Study of Immune Modulation Therapy in Patients with Symptomatic Peripheral Arterial Disease - SIMPADICO
The goal of the trial was to evaluate treatment with immune modulation therapy compared with placebo among patients with symptomatic peripheral arterial disease.
Patients Screened: 947
Patients Enrolled: 553
Mean Follow Up: 12 months
Mean Patient Age: Mean age 67 years
Change in absolute claudication distance (ACD) from baseline to 26 weeks
Patients were randomized in a double-blind manner to either intramuscular administration of autologous blood treated with controlled oxidative stress (ultraviolet light, oxygen, ozone and increased temperature) (n=262) or placebo (n=273) on days 1, 2, 14, and monthly thereafter. Patients underwent exercise treatmill testing at baseline and follow-up.
Study treatments were terminated 3 months early at the recommendation of the Safety Committee, although total patient enrollment and evaluation of the primary endpoint, which was at 26 weeks, was already completed. The discontinuation was recommended due to an increase in malignancies in the IMT group (5.5% vs 1.1%). Upon further review of these malignancies, 8 were found to have been present at baseline.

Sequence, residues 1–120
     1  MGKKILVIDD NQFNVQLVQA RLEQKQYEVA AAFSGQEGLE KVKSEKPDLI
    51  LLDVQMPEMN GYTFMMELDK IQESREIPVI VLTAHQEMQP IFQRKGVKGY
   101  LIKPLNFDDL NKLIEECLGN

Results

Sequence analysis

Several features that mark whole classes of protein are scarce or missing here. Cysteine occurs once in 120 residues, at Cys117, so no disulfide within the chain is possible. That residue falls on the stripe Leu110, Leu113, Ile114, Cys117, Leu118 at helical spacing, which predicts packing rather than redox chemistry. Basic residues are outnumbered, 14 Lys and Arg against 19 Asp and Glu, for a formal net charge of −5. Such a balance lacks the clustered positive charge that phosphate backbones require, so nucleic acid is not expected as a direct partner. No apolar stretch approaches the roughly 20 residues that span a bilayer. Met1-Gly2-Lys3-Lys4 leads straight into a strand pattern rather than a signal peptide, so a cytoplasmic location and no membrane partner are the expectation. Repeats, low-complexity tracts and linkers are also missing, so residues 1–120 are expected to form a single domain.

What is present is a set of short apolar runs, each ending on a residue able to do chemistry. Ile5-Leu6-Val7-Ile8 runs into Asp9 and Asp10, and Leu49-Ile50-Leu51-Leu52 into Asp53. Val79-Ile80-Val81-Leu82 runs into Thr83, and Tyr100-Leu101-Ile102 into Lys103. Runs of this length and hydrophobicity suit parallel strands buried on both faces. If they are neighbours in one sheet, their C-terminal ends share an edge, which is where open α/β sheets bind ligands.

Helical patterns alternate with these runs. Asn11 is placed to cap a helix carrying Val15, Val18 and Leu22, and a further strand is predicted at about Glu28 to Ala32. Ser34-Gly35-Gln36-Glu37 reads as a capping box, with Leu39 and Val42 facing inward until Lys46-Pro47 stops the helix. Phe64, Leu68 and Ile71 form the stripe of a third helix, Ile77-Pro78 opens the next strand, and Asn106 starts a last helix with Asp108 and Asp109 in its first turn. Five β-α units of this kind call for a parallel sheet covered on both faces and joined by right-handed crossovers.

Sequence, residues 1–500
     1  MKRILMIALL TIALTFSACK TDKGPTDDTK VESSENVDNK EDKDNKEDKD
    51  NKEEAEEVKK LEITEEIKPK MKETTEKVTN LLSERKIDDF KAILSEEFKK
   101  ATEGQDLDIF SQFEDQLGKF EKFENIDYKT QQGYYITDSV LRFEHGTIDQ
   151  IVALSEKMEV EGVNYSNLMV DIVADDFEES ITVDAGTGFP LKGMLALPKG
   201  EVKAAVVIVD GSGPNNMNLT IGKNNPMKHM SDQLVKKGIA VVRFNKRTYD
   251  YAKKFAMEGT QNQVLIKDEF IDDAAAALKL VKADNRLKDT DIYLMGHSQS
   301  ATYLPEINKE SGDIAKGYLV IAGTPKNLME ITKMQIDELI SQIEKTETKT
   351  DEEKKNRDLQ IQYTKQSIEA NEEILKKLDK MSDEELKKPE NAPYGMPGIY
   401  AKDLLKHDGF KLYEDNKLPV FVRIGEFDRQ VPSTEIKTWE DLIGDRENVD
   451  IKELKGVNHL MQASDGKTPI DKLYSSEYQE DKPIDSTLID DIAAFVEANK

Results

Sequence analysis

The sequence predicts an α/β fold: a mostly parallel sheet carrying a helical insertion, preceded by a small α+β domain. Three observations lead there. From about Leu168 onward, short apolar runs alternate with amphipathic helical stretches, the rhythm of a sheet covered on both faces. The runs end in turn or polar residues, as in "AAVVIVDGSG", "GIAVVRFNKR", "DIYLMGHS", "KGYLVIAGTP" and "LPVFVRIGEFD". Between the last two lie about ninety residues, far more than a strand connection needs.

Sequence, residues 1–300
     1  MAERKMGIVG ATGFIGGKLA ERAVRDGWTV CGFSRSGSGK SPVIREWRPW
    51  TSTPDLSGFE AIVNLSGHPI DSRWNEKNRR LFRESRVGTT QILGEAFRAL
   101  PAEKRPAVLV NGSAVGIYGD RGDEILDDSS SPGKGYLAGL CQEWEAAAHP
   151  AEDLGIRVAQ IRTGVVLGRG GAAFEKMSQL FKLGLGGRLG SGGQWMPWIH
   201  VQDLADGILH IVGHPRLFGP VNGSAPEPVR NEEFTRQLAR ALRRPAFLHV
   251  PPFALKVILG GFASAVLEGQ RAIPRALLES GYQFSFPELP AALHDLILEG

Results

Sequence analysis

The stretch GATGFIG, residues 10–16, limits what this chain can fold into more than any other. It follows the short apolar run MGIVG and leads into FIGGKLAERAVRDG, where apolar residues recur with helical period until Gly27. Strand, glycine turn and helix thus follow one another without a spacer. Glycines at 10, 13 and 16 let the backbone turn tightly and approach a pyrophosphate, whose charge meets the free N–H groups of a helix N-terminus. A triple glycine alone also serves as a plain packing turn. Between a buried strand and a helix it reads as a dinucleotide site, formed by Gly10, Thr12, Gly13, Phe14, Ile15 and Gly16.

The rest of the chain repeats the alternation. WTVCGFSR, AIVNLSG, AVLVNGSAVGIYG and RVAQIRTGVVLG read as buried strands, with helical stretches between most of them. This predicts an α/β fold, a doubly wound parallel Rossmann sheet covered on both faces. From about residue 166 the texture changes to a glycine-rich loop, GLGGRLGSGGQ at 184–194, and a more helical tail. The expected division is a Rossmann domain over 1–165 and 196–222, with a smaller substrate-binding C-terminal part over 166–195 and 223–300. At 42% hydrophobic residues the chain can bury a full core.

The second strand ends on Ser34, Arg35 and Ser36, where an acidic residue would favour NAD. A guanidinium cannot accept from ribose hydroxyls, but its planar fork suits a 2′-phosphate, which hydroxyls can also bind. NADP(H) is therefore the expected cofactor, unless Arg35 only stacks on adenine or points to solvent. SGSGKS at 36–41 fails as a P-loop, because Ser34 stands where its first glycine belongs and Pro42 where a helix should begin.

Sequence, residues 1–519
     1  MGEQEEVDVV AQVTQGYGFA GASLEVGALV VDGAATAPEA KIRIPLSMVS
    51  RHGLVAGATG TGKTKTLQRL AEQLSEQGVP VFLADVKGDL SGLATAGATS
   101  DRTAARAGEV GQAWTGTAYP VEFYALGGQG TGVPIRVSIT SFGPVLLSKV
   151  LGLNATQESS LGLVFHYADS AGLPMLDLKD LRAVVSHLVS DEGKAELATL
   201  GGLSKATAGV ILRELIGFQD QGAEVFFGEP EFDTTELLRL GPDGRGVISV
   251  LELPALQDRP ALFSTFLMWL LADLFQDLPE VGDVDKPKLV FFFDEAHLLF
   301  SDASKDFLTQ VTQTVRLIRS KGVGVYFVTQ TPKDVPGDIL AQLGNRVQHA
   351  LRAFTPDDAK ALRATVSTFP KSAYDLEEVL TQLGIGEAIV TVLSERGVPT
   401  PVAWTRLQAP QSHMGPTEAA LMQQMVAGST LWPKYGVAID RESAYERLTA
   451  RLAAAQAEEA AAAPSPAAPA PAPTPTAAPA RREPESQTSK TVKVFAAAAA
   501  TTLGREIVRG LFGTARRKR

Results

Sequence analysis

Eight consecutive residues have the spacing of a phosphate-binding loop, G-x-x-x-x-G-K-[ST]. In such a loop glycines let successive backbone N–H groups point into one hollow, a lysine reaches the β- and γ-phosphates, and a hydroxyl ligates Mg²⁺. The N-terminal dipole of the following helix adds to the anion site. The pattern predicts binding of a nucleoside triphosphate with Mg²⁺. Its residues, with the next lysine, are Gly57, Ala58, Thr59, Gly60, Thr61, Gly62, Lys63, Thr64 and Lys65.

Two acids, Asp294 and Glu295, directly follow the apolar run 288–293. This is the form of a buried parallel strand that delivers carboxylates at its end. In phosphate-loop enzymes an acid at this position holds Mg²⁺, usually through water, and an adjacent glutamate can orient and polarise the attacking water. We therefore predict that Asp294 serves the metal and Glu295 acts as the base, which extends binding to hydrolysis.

Baseline absolute claudication distance was 303 m in the IMT group and 321 in the placebo group. There were no differences in the primary endpoint of change in ACD from baseline (p=0.80). The composite of cardiovascular or peripheral events occurred in 15% of the IMT group and 17% of the placebo group, and mortality in 8 patients and 7 patients, respectively. There was no difference in quality of life scores. C-reactive protein at week 26 was decreased from baseline in the IMT group but not the placebo group. Adverse events other than malignancies did not differ by treatment group.
Among patients with symptomatic peripheral arterial disease, treatment with immune modulation therapy was not associated with a difference in the primary endpoint of change in absolute claudication distance from baseline to 26 weeks compared with placebo.
The increase in malignancies prompted the Safety Committee to discontinue the trial approximately 3 months early. Upon further review, it was determined that many of these malignancies were present prior to entry in the study, a protocol violation. Despite the early discontinuation, no efficacy signal was present for the primary or other endpoints.
Presented by Dr. Jeffrey W. Olin at the March 2006 ACC Annual Scientific Session, Atlanta, GA.
Keywords: Temperature, Follow-Up Studies, C-Reactive Protein, Ultraviolet Rays, Quality of Life, Exercise, Injections, Intramuscular, Oxidative Stress, Peripheral Arterial Disease, Oxygen, Peripheral Vascular Diseases, Ozone
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